City salutes those who served with somber ceremony


By Scott Akanewich

On a blustery morning in Liberty Hill, the City held its fourth annual Veterans’ Day ceremony Thursday at the downtown memorial dedicated to all those who have served America over the years in all branches of the armed forces throughout various conflicts.

Guest speaker was Sgt. Maj. Brian Harless, currently a member of the U.S. Army’s Green Berets and a former Marine, who has been deployed numerous times to various parts of the world over the course of a military career spanning over three decades.

Harless delivered a message that was concise, to the point and meant to cause pause for the audience, which was sprinkled with veterans of all ages adorned in the various garb representing their respective services.

“People don’t understand what veterans go through – especially their families,” said Harless, a Texas native, who stood before the crowd in his Class A uniform adorned with medals and ribbons from a decorated career. “But, it’s the communities like this that come together in supporting them.”

Harless spoke of the many experiences he’s gone through over the years, with a few lively anecdotes thrown in, but he always returned to a theme including the vital characteristics required for one who is willing to serve – including honor, selfless sacrifice, commitment and most of all, courage.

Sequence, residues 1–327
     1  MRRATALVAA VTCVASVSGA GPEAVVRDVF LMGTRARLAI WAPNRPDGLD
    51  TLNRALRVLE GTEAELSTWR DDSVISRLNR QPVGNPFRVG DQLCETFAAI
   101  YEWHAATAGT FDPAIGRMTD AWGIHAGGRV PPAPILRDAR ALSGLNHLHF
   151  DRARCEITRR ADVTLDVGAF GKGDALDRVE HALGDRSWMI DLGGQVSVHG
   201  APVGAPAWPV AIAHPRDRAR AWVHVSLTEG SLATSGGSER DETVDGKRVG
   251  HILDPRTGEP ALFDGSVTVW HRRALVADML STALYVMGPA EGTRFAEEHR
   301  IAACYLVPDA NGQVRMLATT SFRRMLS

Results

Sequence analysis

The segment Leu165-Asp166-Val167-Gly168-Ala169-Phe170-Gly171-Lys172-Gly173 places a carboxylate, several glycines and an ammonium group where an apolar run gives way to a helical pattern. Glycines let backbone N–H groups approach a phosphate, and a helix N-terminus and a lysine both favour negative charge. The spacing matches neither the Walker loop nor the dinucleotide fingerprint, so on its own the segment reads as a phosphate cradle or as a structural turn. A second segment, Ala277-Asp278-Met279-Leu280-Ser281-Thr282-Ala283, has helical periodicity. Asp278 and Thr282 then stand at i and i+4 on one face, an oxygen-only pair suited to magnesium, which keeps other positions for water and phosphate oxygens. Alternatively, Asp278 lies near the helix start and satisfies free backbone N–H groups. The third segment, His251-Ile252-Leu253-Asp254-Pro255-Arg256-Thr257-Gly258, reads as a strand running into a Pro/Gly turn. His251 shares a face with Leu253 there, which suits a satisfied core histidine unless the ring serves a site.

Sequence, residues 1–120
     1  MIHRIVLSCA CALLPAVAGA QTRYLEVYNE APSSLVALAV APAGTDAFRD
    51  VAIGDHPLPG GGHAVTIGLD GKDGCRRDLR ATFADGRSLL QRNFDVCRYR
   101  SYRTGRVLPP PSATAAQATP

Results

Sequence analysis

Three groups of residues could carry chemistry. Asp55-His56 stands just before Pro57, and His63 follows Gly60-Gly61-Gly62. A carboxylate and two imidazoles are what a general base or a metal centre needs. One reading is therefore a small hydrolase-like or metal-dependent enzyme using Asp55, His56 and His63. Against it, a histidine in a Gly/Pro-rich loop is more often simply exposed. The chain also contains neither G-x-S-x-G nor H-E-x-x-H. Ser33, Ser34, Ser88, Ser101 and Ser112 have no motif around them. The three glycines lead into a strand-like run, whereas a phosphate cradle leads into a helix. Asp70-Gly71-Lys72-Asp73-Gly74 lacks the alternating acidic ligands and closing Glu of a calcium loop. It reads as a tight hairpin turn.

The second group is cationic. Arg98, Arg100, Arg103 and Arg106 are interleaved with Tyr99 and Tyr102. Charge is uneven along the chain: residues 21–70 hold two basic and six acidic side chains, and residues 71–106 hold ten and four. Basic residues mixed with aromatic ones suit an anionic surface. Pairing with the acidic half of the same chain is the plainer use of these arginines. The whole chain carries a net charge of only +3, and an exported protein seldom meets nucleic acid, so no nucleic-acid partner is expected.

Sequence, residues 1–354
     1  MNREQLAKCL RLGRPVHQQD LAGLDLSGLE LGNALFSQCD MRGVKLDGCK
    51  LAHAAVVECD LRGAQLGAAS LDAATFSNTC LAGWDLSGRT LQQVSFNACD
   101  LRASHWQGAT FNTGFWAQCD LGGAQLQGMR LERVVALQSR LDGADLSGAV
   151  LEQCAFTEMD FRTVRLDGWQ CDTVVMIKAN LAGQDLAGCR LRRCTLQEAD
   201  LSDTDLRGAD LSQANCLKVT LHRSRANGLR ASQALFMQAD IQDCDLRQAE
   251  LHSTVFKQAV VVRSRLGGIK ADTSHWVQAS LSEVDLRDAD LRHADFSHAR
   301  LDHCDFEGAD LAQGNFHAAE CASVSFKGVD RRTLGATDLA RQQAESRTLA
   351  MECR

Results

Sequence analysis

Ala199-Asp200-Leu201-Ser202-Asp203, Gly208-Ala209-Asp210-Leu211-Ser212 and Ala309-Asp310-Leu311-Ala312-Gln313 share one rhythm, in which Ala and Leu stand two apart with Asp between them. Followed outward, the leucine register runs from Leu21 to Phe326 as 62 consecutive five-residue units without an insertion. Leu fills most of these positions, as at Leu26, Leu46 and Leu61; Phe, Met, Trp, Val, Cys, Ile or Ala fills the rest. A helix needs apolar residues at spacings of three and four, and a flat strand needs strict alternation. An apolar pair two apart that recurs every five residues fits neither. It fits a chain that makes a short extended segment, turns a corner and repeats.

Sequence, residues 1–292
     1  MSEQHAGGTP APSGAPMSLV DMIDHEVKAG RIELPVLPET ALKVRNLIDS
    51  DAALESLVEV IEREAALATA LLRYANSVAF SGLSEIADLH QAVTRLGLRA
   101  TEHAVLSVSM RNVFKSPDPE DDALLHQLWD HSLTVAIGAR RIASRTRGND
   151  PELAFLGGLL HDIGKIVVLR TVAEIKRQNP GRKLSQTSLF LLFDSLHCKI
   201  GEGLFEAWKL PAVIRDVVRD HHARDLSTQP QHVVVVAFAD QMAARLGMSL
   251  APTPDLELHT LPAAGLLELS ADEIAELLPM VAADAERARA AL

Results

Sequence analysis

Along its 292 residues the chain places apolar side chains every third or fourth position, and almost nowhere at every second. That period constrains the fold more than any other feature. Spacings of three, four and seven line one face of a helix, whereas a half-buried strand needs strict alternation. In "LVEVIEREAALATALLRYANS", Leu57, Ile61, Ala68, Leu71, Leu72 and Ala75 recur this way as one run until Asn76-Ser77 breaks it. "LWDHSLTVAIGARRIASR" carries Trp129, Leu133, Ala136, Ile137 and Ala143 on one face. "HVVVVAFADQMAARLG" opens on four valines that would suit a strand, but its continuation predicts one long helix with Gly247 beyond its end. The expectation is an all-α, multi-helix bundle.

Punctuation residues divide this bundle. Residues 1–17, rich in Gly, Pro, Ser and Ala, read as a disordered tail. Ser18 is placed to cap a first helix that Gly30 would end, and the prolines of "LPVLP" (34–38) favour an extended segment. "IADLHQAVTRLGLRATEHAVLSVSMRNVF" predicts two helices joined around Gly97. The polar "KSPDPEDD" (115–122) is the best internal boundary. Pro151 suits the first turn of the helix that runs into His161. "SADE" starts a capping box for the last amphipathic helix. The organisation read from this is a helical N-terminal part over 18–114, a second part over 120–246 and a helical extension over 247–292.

“Sometimes we ask young men to do things they’re probably not going to walk away from,” said Harless. “It takes communities like this one to support guys who are going to war. I hope I never see again when soldiers aren’t supported like after the Vietnam War, but I think we’re past that.”

Harless also spoke of the obligation of each generation to continue to uphold the examples set by those who came before them in wearing the uniform of their country.

“Our forefathers set a standard we always need to be able to measure up to,” he said. “Our veterans have always been ready to fight anywhere, anytime, and willing to give their lives.”

Following Harless’ speech, the American flag at the memorial – which was faded and tattered after having flown over the site for the past year since last fall’s ceremony – was replaced with a new one, with the retired colors presented to Dale Bates, 97, Liberty Hill’s oldest living veteran who served as a gunner on a bomber crew in the U.S. Army Air Corps in the Pacific theater during World War II.

Once the new flag had been raised, Liberty Hill High School’s Liberty Belles unfurled each of the flags of the five service branches – Army, Marines, Air Force, Navy and Coast Guard – while the songs of the respective services were played while members of each in the audience stood.

In closing the ceremony, the Liberty Belles performed a veteran-themed routine wearing olive-and-black military outfits while a famous Veterans’ Day speech by former President Ronald Reagan was played over the public address system.

During his closing remarks, Harless alluded to the stone monuments that ring the flagpole at the memorial and what they represent.

“All of the people whose names are on these walls served their country because they wanted to,” he said. “They were willing to fight and die for their fellow Americans, which we all need to remember. Anyone who has stepped up and served is my hero.”